Russell Carpenter 42:03
They didn't have that up until about the fourth weekend. And this story I tell a lot, because it's it's it has something to do with persistence, I guess. And also something to do with the fact that, that sometimes you've got to develop a skin a tough enough skin that, you know, that he realized that it's not about you, when I went out on plenty of interviews was turned down plenty of times and you know, you're kind of in the same boat that an actor is, well, you're going to meet with a lot of rejection, and you just cannot take that personally. Just go back. Just keep doing your thing. And hoping that the next thing comes along when it eventually it will maybe not as fast as you wanted it. But there it is. But so we we were he had been watching everything on the on the web that time on the cam video. Yeah. And so now we're in a, we have a screening one night, it's the first time we're in a theater, in the gyms the screening room. Is there about 40 people in there, they're all department heads. When we're, the film starts to roll. And we're watching a scene in a scene where Arnold Schwarzenegger has just returned from his first mission met, he was up in the snow. And he he returns home and he goes over into the room where Jamie Lee Curtis is sleeping goes over, looks at himself in a mirror as he takes up his wedding, or you know, or something like that. And so that shot comes on. And it's it's a little dark, and I think I'm gonna have to have them do a reprint on this printed up a few points. And all of a sudden I look over at Jim who's sitting beside me. And he's just sitting there shaking his head. Jim, Jim, what's wrong? And now he says loud enough. So I'm sure everybody in the room says he says, I have the highest paid actor in this or any parallel universe. Let's see as I can. Tim, well, I'll just print out three points. I think everything is okay. So no, you print this scene up three points and you ruin the mood of the scene. And that loud enough for everybody to hear. So I you know, from then on, I just want to die because as he waited the wait a couple more minutes. And then he'd say something about you know, as shattered come up that was maybe a little overexposed. And you'd say Where on earth did you learn to read the light? Oh, louder. You know, and, and so on. That I endured like three more comments like this. And literally, before they turned on the lights, and you know, before the light was all the way up, I think I was out of that room. I just ran out, you know, and I, I was out, I went out to the parking lot, I called my wife and I said, Well, I, you know, I had my run with Jim Cameron, I toured, this was my last day, I guess, aliens were horrible, blah, blah, blah. And I look up and there's the first assistant director, and the, and then one of the producers and they're just smiling at me. They're laughing. Right? And I go, What? What? And and they just say, you know, he does that to everyone? And I said, No. and No, he said, just call. You know, they said, he gave me a name of a couple of other signal companies that just call him. You know, talk to them about this. I did, I talked to Mikhail Solomon and the best thing. He said, What did he use the line about? You know, where on earth? Did you learn to your baby, say, his grandmother could shoot better than this? Or, you know? And I said, Yeah, and that. I said, Okay, I know, I really have to have this credit. And I'm going to stick it out. And there were days that would go fly. And there were days that just felt like somebody hooked me up to two high voltage wires, and I was being electrocuted for the entire day, you know, until they called wrap. And that was my that. That was realize that was true lies. And that that was if there was ever a trial by fire picture that was that was it? For sure.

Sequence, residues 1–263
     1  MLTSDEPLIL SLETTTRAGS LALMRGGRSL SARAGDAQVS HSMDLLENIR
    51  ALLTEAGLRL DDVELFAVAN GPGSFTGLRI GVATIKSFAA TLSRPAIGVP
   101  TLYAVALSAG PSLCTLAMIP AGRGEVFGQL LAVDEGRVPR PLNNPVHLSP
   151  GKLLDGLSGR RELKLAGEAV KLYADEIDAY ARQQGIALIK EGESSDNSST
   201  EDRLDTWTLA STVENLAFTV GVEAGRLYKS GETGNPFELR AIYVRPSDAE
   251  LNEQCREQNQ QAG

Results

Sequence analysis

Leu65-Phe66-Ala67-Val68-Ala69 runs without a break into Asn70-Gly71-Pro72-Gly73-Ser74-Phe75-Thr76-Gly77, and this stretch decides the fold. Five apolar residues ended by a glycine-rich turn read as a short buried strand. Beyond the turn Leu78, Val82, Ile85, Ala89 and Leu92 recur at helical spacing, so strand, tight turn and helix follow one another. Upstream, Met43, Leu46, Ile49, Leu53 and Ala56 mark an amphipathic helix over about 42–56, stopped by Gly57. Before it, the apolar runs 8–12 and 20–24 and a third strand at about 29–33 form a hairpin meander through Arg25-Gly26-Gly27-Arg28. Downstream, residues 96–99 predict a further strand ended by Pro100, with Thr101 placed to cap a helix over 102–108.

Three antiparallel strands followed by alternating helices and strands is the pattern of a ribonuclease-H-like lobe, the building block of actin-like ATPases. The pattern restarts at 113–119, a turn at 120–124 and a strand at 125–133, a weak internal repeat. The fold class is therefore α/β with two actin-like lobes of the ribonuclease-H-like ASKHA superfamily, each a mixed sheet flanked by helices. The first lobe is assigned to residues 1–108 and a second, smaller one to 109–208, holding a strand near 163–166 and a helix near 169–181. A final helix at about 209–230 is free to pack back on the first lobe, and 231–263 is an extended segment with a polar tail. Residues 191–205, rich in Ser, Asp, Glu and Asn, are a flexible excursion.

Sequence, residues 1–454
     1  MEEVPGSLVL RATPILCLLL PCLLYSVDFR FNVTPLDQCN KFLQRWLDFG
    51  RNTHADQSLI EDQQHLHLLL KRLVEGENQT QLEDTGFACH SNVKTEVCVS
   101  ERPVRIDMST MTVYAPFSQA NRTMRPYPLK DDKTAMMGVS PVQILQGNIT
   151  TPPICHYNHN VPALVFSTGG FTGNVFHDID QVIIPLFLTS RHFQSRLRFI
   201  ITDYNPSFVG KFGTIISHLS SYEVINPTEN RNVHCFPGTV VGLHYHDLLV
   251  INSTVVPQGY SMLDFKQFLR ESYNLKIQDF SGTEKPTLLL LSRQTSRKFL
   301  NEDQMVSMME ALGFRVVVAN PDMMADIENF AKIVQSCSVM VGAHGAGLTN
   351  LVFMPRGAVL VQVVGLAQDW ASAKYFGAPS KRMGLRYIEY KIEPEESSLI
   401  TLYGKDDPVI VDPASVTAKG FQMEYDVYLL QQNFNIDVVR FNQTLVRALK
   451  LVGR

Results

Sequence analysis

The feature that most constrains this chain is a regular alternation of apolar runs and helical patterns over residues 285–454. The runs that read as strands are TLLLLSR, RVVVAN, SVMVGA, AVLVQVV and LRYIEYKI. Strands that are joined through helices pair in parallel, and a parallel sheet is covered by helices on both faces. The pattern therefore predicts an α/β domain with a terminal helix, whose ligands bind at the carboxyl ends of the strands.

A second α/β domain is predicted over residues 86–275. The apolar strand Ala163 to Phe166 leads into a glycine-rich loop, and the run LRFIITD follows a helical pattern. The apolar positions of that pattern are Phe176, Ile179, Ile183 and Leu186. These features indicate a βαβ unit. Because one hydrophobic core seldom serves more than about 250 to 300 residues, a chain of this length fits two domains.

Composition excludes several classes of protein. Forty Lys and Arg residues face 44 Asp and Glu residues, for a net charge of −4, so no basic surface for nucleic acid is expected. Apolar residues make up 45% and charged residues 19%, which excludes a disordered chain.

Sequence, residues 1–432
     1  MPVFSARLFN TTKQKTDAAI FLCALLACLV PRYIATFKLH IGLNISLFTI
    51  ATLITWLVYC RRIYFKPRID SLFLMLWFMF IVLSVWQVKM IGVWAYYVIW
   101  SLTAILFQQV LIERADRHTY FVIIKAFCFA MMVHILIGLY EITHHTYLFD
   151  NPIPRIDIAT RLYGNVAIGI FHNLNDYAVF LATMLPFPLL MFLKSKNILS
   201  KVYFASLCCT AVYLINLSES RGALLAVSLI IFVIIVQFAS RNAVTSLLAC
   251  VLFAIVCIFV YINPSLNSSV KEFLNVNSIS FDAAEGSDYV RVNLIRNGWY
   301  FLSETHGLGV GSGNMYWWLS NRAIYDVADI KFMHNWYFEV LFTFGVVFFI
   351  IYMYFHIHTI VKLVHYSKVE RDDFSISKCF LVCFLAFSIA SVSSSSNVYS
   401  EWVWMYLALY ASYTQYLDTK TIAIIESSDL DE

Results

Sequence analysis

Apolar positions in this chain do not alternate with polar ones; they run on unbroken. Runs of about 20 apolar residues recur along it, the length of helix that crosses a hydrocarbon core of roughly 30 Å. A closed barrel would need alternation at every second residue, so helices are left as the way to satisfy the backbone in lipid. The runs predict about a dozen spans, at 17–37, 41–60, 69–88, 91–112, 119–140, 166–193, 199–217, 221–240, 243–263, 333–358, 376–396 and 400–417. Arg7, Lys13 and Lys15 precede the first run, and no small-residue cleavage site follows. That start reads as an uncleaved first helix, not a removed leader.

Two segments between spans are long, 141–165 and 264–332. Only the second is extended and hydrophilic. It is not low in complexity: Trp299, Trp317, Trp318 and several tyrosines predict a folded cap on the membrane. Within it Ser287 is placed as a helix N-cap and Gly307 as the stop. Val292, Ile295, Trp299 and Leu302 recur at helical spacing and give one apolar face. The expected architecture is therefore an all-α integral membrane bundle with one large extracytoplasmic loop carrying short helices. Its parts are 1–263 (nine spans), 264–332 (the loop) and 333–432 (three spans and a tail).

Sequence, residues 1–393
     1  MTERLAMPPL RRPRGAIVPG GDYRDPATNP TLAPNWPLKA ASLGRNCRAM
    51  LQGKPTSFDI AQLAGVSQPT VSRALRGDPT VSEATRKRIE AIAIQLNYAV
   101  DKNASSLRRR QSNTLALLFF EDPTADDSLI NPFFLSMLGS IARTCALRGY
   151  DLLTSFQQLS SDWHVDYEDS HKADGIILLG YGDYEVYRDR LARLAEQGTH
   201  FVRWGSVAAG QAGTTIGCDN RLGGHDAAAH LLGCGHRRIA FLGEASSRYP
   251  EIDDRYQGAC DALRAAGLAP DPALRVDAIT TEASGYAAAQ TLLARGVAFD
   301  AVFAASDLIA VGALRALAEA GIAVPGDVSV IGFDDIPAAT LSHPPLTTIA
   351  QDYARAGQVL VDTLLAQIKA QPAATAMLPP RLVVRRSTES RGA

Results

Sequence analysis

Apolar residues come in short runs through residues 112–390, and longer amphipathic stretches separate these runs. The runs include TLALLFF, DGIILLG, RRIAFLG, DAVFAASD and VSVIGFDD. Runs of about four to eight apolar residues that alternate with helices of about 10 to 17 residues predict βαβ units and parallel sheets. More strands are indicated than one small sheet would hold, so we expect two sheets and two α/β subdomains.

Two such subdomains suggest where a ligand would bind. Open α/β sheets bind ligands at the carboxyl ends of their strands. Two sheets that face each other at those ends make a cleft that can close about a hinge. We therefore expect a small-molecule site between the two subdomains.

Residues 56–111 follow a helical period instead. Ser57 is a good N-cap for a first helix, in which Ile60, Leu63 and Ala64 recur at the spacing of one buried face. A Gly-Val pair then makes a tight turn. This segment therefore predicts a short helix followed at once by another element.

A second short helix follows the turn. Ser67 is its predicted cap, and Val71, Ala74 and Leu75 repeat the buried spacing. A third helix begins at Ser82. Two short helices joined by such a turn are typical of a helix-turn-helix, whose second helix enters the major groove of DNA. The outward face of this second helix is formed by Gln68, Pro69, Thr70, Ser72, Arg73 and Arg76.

Alex Ferrari 46:55
I mean, you hear I mean, I mean, I studied Jim's career fairly closely in the abyss, I mean, one of the one of the craziest experiences of all time, and you hear all these stories about him and I. And you know, I actually knew some people who worked on Avatar and how he changed over time, but yet still very, very, Jim. But so I wanted to ask you about working with what has changed over time. I've heard he's, I heard and this is just again, from secondhand. I've heard he's softened a bit. He's not as like he would be back in the prior before Titanic stage. But he's still Jim. Yeah.